Leicester’s vivid history revisited by city museums


Halloween has been used this week to educate visitors about Leicester’s past.

The city’s museums have incorporated the seasonal celebration into its programme of events.

Hannah Blake, 19, from Sheffield, visited The Guildhall, amongst other museums in the city as part of the Fright Trail that has put on in the run up to Friday October 31.

Miss Blake, a History student from Sheffield College, said: “My sister and I wanted to do something fun during our half term and we saw on the internet that Leicester wasn’t too far away on the train.

“There were some spooky events going on in the days before Halloween, which is one of my favourite times of the year.”

The Guildhall is well known for being the town’s most haunted building due to the 200 year old cells that remain in the site.

“I haven’t really heard much about Leicester’s history, the atmosphere at The Guildhall is so eerie due to the prison cells and the fact it was the original police station.

“What with the spooky festive decorations and the gruesome history here, you would expect to be on ‘Most Haunted’ or ‘Horrible Histories’,” added Miss Blake.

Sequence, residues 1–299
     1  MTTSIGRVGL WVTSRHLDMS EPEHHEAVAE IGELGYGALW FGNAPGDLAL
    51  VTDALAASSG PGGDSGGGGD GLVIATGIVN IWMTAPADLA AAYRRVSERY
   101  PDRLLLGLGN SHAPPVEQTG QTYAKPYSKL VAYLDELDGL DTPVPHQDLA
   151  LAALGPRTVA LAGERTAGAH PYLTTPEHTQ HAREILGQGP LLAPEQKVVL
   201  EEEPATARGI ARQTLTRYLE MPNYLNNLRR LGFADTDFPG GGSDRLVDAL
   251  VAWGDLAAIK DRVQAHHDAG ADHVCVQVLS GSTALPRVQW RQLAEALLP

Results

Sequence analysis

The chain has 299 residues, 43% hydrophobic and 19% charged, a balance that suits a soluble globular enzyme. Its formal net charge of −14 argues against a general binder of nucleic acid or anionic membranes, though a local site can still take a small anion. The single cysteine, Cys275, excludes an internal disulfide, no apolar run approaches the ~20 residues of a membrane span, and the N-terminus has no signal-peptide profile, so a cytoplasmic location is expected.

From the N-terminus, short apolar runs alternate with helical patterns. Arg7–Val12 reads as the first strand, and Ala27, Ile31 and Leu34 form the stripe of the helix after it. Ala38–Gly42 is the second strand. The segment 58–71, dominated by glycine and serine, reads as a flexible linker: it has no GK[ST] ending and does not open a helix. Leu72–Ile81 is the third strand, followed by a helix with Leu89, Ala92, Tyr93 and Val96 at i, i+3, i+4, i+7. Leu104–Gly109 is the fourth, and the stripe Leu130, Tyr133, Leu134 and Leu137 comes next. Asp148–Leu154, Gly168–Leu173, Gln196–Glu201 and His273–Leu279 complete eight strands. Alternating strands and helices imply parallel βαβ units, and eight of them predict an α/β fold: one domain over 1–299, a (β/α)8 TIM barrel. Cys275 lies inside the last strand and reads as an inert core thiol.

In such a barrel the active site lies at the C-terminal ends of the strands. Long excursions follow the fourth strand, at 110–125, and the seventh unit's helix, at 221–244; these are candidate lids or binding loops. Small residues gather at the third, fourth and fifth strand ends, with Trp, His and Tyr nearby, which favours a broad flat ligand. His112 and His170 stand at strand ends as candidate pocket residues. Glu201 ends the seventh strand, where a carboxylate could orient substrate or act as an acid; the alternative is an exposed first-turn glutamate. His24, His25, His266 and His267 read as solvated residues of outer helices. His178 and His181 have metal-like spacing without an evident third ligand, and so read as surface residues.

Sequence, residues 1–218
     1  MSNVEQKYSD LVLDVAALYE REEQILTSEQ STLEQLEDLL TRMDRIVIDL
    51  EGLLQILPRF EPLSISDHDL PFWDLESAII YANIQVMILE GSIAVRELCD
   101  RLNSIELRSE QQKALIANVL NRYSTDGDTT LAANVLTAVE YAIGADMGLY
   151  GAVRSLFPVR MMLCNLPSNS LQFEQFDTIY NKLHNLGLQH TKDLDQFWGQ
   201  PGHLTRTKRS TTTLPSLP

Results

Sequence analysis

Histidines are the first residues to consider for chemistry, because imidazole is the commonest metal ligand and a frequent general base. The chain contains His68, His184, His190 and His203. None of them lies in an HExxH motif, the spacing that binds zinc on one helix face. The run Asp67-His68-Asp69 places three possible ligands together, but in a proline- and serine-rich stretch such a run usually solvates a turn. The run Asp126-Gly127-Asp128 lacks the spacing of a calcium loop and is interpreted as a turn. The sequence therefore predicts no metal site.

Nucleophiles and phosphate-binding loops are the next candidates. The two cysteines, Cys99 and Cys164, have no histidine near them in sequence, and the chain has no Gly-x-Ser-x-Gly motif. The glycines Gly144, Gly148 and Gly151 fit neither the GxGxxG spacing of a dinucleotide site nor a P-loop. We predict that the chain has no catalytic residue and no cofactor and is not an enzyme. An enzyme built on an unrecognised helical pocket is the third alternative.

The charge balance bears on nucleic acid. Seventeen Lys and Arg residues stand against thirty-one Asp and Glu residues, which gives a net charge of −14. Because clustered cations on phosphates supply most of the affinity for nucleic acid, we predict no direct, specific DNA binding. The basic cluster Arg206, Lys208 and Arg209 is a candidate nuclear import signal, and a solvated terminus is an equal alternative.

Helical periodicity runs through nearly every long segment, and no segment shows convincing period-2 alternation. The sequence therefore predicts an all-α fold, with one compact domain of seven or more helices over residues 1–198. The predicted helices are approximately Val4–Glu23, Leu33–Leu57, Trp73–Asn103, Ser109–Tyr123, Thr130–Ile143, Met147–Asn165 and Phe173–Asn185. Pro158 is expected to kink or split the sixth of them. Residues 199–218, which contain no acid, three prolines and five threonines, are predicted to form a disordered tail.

Miss Blake visited the city in October, when Abbey Pumping Station gave ghostly tours of its underground engine house.

This was to educate visitors about the death of engineer Robert Richardson in 1890 whilst he was working at the pumping station.

Miss Blake said: “We are going to the Abbey Pumping Station this afternoon for The Ghostly Engineer tour, it looks so much fun but I think Sarah, my little sister is a bit frightened!

“I think the city and its museums do right in using Halloween to promote the attractions and get people through the doors.

“It is important for children and young people to know about the past of their city and what better way to get children wanting to learn than using ghosts and ghouls.”

Georgina Baker

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